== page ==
Arteriovenous Malformation (AVM)
An arteriovenous malformation (AVM) is a defect in the formation of blood vessels where the blood flows directly from the arteries to the veins, skipping the division into capillaries. It is a fast-flow malformation involving abnormal, dysmorphic arterial to venous communication via a nidus lacking connecting capillary bed. It is mainly sporadic, but can be seen in genetic syndrome patients.
This lesion typically appears in the head and neck region particularly in the cheek, lips, and ears, but also in other areas such as the extremities, with the hand being a common location.
Symptoms and History
Most AVM lesions are present at birth and grow in proportion to the body. They are typically warm to touch, with a pink-red cutaneous stain and a palpable thrill or audible bruit, although some cases may be asymptomatic.
The symptoms usually depend on the location of the AVM. For example:
- Brain AVM: headaches, seizures, developmental disabilities
- Skin AVM: non-healing wound, pain
- AVM inside the nose or mouth: bleeding from the nose or mouth
- AVM on an extremity: difficulty walking, pain, functional problems
Clinical Exam. As discussed above, the patient may be asymptomatic or present with a warm, pinkish-red lesion with a palpable thrill, or audible bruit. In an advanced stage, there may be ulceration, bleeding, ischemia and necrosis (causing pain and wounds that are difficult to heal), and cardiac failure.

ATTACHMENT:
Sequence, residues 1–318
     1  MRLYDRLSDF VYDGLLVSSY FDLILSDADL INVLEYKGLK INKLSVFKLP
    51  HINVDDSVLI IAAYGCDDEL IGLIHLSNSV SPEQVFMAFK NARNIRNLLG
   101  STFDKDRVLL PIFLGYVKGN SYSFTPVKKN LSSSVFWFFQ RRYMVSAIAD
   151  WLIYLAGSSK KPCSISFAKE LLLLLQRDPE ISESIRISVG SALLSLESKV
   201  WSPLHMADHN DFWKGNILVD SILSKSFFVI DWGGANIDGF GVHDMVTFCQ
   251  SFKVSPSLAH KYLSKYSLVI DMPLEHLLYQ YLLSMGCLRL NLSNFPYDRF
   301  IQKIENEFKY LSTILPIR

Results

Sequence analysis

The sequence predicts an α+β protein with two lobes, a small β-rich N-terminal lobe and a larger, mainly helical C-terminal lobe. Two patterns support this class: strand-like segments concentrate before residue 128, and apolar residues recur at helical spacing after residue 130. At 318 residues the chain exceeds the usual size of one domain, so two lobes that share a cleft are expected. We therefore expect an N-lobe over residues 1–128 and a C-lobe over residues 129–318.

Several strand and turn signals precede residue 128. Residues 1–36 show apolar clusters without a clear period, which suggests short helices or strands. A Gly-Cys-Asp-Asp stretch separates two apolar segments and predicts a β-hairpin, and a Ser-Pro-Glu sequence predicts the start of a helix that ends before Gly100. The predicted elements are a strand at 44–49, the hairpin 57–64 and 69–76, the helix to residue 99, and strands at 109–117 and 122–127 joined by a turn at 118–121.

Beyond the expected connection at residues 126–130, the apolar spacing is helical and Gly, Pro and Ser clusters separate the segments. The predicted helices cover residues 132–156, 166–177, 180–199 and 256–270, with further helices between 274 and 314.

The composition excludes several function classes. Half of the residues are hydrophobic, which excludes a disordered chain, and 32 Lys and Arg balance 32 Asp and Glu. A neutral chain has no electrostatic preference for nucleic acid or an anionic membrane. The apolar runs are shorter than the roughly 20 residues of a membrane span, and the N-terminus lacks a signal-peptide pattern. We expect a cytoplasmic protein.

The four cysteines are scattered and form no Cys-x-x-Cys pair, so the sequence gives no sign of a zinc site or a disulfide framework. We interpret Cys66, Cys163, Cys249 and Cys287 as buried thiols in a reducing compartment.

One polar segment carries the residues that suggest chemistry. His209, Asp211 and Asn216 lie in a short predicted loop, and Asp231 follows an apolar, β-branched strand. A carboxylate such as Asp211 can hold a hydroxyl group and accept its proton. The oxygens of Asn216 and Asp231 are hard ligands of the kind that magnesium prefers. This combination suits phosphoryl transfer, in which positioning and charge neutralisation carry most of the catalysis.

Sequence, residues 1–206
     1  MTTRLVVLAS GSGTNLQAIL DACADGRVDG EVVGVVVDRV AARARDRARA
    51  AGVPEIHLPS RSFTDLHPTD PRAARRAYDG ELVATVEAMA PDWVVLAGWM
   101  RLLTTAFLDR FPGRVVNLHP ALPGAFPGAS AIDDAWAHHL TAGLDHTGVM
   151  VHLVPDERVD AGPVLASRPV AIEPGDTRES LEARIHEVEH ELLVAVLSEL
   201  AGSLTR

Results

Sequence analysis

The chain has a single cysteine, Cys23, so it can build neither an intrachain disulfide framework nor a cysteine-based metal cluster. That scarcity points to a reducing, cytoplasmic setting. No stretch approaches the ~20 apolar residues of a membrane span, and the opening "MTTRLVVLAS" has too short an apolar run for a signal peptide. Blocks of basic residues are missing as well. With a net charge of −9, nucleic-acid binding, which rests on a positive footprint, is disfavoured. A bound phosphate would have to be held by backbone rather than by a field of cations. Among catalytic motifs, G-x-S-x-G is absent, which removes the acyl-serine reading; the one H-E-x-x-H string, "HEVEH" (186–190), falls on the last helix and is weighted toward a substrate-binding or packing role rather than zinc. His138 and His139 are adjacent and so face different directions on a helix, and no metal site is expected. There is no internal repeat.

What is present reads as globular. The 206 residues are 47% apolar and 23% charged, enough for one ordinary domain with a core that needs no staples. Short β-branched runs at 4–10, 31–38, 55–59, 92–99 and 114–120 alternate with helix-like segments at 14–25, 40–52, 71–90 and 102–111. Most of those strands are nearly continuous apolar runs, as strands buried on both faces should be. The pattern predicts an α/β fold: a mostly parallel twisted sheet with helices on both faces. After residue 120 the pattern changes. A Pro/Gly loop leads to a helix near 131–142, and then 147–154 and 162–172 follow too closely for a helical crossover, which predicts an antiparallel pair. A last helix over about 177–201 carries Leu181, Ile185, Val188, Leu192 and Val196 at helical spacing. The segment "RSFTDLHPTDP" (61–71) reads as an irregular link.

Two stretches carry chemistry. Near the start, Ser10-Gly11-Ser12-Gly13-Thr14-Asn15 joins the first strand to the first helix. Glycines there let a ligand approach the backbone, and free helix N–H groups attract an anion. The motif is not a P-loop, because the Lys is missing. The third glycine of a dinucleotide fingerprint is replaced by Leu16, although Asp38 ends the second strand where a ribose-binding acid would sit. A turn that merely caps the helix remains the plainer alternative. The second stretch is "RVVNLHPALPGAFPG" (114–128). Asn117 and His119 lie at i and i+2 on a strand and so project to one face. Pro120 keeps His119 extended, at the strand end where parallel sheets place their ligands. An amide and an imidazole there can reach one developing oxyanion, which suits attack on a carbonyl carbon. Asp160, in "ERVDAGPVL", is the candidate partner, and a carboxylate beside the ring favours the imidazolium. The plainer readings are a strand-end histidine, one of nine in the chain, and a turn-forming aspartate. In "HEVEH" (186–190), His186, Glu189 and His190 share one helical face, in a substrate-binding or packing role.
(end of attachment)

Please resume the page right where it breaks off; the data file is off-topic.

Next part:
- Ultrasound with color Doppler is the first line study demonstrating a poorly defined hypervascular lesion.
- MRI (Magnetic Resonance Imaging) of the affected area may be performed to help delineate the extent of the lesion.
- MRA or CTA may also be helpful in determining the anatomy of the malformation and surrounding structures involved.
- Angiography is performed for malformation architecture and treatment planning/interventions.
Pathology. Usually biopsy is not needed as clinical examination and imaging studies are enough for diagnosis. Biopsy of AVMs could be very dangerous due to risk of bleeding.
Genetics. AVMs are mainly sporadic, occasionally associated with RASA1 mutation.
AVM treatment is indicated before the disease becomes more aggressive and more difficult to treat. As the lesions grow, they involve more adjacent normal tissue, and they become complicated with symptoms such as pain, enlargement, deformity, recurrent bleeding, functional impairment, tissue ischemia and/or venous hypertension. Treatment before they reach more advanced stages is important for disease control. AVMs can be treated with embolization (often combined with surgical resection), sclerotherapy, and laser therapy for mild cutaneous involvement. The search for reliable systemic medical treatments is underway
Some AVMs may be linked to a group of problems called a syndrome. Some of the syndromes linked to AVMs are: